‘Affairs Run in the Family’ by Lee Varon

On January 24, 2018, in Latest News, by The Somerville Times

Review by Julia Carlson

Lee Varon’s book, Affairs Run in the Family, is an exploration of and testament to the fragile feelings of the author’s memories of her Southern upbringing and relationship with her grandmother. When the husband of the grandfather’s mistress attempted to murder him, her grandmother’s life was forever changed. And then, there were also the events of the civil rights era, which played out during the author’s childhood and left a deep impression on her. Those complex feelings are explored as the author attempts to reconcile these events and their consequences to her grandparents, family, and herself. In Court, Varon describes her grandmother at the trial of her husband’s aggressor:

Affairs Run in the Family
by Lee Varon
(Finishing Line Press, 2017)

“You wear your grey tweed

threaded with lavender

smoky silk stockings,

sensible shoes.

Nothing too flashy….

 

Let Mrs. Harlot paint herself

wear her flared skirt

her pink cloche skirt

in discrete perfume….”

 

“You have been with him

teaching him slowly

to hold a cup

sip water…”

 

And her grandfather in After the Affair:

 

“After the affair, he cursed the bullet embedded in his brain

After the affair, he never saw her green eyes

After the affair, all they had were fireflies-

small lanterns of longing scattered between them.“

 

Varon is on point describing her childhood confusion about the mixed messages she received from her grandmother, a Southern woman who carries on despite the shame of her husband’s indiscretion. We meet the steely will and fight for respectability of this woman done wrong, in both her judgement of her husband’s mistress, and other aspects of her Southern life. Varon’s desire for her grandmother’s love are especially poignant in the poem Blister:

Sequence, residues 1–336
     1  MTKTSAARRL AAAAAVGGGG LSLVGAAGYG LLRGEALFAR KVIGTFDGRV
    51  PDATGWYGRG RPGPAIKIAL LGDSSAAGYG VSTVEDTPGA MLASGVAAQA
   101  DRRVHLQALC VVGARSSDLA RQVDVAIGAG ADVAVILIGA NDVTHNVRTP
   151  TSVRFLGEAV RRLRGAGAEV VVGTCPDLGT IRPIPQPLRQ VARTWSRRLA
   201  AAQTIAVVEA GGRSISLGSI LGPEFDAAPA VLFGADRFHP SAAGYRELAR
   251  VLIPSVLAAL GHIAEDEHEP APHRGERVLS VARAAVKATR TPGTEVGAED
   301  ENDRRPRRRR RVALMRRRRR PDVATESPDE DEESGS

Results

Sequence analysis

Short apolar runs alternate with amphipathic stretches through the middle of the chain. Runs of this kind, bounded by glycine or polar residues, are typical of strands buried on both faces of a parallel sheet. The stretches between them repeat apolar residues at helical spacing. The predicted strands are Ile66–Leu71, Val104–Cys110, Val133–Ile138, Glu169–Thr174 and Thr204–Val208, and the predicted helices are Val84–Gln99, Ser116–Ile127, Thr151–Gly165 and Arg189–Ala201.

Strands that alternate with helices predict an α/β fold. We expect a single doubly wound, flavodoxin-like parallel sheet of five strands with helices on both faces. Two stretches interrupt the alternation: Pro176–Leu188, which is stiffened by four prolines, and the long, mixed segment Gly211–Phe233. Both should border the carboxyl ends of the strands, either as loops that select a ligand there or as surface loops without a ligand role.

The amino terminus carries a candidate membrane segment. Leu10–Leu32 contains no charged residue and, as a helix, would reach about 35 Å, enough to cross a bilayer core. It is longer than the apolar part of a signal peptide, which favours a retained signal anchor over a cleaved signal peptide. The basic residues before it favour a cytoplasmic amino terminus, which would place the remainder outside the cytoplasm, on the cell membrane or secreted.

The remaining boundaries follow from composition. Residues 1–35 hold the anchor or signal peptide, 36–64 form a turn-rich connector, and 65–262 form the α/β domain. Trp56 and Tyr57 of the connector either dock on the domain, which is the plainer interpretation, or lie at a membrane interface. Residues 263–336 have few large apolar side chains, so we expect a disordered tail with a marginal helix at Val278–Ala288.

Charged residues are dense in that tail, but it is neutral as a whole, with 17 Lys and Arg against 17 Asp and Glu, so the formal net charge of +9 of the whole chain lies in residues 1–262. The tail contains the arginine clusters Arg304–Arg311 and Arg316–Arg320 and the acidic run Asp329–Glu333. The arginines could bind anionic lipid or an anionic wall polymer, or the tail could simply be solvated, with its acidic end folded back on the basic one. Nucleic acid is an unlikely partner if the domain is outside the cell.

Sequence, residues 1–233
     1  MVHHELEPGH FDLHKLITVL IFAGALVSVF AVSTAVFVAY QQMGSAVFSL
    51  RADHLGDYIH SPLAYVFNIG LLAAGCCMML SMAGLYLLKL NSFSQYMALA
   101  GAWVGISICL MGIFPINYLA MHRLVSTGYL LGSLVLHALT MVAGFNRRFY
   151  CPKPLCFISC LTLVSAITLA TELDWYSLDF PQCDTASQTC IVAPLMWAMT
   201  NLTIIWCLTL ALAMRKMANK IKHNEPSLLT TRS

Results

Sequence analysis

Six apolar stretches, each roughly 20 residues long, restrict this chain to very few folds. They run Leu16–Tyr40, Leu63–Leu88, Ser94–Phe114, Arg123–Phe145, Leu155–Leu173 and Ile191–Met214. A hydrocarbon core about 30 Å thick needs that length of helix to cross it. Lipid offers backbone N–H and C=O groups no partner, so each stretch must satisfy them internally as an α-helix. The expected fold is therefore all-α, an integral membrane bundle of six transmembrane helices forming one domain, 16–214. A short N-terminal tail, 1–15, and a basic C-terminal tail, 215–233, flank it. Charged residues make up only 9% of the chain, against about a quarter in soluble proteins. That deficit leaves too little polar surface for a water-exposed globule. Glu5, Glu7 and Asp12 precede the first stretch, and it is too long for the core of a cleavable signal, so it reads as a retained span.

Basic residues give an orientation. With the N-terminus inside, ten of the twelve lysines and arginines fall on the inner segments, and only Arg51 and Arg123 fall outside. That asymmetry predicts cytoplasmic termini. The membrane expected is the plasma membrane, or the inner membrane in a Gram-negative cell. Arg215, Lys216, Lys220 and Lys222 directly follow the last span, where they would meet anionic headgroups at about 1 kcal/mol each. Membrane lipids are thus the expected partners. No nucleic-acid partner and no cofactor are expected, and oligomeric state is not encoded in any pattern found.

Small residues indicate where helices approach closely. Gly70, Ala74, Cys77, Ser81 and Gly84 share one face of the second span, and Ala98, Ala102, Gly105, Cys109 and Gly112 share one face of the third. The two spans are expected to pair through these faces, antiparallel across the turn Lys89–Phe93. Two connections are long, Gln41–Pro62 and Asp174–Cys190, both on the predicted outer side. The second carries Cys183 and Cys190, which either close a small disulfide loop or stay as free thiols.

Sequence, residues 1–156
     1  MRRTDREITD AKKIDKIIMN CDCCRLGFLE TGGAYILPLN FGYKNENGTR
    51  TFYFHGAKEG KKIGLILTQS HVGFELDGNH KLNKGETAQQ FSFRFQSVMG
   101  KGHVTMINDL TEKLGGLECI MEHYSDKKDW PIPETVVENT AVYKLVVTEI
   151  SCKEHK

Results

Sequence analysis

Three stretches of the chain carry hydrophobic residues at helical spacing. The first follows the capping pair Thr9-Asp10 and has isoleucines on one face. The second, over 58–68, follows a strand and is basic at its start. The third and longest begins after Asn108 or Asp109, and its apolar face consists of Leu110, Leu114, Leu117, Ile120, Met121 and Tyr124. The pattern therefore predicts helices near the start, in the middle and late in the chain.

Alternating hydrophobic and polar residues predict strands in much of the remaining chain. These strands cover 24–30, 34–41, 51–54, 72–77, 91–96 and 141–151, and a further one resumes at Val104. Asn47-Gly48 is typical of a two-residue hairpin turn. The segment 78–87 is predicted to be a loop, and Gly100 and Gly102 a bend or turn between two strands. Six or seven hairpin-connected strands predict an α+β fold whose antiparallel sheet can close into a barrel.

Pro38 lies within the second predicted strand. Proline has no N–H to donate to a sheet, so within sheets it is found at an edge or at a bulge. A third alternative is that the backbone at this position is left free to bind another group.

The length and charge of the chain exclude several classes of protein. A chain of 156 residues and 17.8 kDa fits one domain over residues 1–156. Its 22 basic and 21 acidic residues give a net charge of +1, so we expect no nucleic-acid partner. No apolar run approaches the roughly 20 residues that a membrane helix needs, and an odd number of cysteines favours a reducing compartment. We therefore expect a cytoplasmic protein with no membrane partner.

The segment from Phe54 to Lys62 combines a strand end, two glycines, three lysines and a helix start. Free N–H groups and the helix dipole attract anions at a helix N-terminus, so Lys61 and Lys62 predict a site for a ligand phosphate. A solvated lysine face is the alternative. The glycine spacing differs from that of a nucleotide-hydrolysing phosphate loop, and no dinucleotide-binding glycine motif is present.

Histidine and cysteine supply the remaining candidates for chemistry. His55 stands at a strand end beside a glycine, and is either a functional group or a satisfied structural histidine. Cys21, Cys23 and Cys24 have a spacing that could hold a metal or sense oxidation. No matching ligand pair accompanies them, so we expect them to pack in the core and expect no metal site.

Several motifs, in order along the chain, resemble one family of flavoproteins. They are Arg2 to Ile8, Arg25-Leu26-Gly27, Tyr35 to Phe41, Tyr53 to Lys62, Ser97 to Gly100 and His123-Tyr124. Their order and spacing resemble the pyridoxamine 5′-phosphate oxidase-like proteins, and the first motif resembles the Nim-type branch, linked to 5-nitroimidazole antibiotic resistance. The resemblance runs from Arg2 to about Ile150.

“Every summer

I entered the cage

of her love

dreaming in a circle of fire…

 

I wanted her to love me forever

but what will I do

for her love?

Skate out

over the black ice.”

 

all the while acknowledging that her grandmother’s character did not sit quite right with her.

 

In 1959 With My Grandmother, waiting in the bus station with Grandmother, they are sitting across from a black woman:

 

“You don’t know the black woman

across from us.

 

You lean over, loudly whisper,

“Honey, everyday I thank God

 

I wasn’t born a colored person.”

I try to fold my ticket

 

into a schoolyard fortune teller,

to lean against the blonde oak bench

 

become invisible.”

 

Varon’s poems deal with her experience of the negative aspects of the South during her childhood. In her poem We Sat Every Night, Varon describes how her 11-year-old mind tries to make sense of this:

 

“The government says colored people can vote, Nana.

Why are whites against it?

 

People up North are always criticizing us southerners

but the colored are still treated

with more respect here

than most anywhere else….

 

“Where is that anywhere else?”

 

When I argued with you

you chalked it up to my tainted Jewish blood

something I couldn’t help…”

 

Varon’s descriptive, lyrical language evokes many flavors of the South: pecan pie, crab cakes, burnt sugar cake, lavender, cedar, cinnamon, honeysuckle scent on a hot night, the sound of birdsong In her poem After, written about her mother’s death, Varon writes:

 

“…..I watch birds fall

from the sky and shake

 

their wings in the dying sun.

Vireo, Thrush, Cedar Waxwing.

The magnolias have just begun

to spread pink gauze over deepening

 

green, as your face returns

in the luster of dark wood…”

 

There are many more excellent poems in this fine collection and it’s well-worth reading more than once. I was taken back to that time when church bombings and Freedom Riders dominated the evening news, and recalled the same question I had: Why do grownups do these awful things? A longer compilation of these poems was awarded the Sunshot Poetry Prize and will be published in 2018, and I look forward to reading it.

 

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